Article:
Tuesday, January 22, 2013

Nurse the Hate: The Last Cold Snap

I remember the last cold snap we had like this.  It must have been January because it was pitch black by the time I was driving home from work.  I drove into the driveway and heard the snow crackle under the tires.  When it sounds like you have a gravel driveway, you know the weather report says “really fucking cold” with that time tested graphic of ice on the thermometer. 

I had to stop halfway into the driveway and park in the street because I was having firewood delivered.  Two young boys had the unenviable task of hauling and stacking wood across the frozen tundra backyard against my back fence line.  Although they were in snowmobile suits, their faces were glowing bright red with shiny runny noses.  I walked over to them to check in with their progress.  As I spoke to them, I noticed a strange large shadow to the extreme left of the fence line.  It was dark in the back corner, but something was unmistakably there.  I broke off my conversation with the boys and crunched cautiously in the snow over to the large object on the fence. 

As I got closer I saw the profile of a large dog, about the size of a Newfoundland, caught on the fence.  The dog wasn’t moving.  As I got closer I saw his collar was caught up on the fence, like he had some type of accident while trying to hop over it.  He was dead.  He had hung himself on the fence.  His body was cold and had already stiffened.  I had the image of him struggling to free himself in the late afternoon light with no one home to possibly see him struggle.  I love dogs and this image was way too heavy for me to think about.  I tried to banish it from my head as I furiously hoisted the dog free from the fence.  He landed with a dull thud on the hard ground.  The boys stared at me with muted surprise, their arms to their sides.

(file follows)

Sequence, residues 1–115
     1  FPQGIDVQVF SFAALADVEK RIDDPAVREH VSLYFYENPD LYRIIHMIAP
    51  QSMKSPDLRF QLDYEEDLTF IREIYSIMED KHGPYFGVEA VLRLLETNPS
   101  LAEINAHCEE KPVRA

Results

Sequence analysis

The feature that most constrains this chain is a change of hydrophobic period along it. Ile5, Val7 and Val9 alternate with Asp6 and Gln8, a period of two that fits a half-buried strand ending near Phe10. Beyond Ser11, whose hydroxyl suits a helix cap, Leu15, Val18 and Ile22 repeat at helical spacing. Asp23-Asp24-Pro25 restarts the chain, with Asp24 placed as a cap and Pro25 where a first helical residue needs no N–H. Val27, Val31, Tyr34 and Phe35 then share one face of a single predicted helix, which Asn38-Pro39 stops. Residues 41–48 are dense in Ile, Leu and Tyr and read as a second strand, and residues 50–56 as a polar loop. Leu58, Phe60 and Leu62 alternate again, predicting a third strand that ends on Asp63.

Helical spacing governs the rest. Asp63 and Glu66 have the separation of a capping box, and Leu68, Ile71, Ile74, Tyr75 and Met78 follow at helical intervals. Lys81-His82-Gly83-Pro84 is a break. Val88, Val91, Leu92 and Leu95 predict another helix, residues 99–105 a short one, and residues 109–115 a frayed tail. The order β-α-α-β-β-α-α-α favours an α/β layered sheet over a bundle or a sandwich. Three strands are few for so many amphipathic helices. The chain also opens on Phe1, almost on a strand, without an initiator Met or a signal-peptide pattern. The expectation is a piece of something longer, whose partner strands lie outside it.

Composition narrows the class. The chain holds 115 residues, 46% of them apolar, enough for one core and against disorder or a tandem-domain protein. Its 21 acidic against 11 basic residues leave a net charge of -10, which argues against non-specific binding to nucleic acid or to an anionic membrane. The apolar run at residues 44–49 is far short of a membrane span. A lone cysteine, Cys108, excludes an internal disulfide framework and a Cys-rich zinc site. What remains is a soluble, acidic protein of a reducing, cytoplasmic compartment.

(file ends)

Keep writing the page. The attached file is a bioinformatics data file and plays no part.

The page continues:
I recognized the dog.  I had seen him one time before.  He had hopped over the fence and surprised me one night by staring in the sliding glass door at night.  It was startling to see a large animal staring at you when you don’t expect to see it.  I opened the door to try to figure out whose dog it was, but he gracefully leaped the fence by placing his paws on the fence line and effortlessly hopped over.  I knew with some certainty how he had died now and once more the image of the helpless animal struggling filled my head.  

I could see my breath billow out white on the dog’s body as I looked for a tag to identify him.  I found a tag with address and phone number.  Fuck.  I was going to have to make this call and tell these people their dog had died.  Fuck.  I opened my cell phone and called the number.  A woman answered.  I asked if she had a missing dog, and she said she did but without explanation handed the phone to an older man.  “I don’t really know how to tell you this, so I’m just going to be direct.  I came home and found your dog in my backyard.  He had an accident and he died.  I thought you should know right away.  I…”  The man cut me off with a high pitched cry.  He asked me for my address and hung up. 

I stood outside for the next ten minutes with the boys waiting for the man.  We engaged in that awkward small talk people have when they don’t know what to say, reviewing what had just happened as if we all had somehow forgotten.  A pickup truck pulled into my driveway.  An older man and a big teenage boy got out of the truck dressed in blue collar work outfits.  I slowly walked up to the older man and explained what happened, not really finding a way to somehow cushion him from coming to the same terrible conclusion of the final turn of events for the dog.  The boy didn’t say a word and emotionlessly picked up the stiff dog corpse and placed it in the back of the truck.  The older man began to cry.  I said I was sorry, feeling somehow responsible.  The man ignored me, climbed into the driver’s side and drove away.  I walked inside my house as the boys resumed stacking the wood.  I never saw any of them again.



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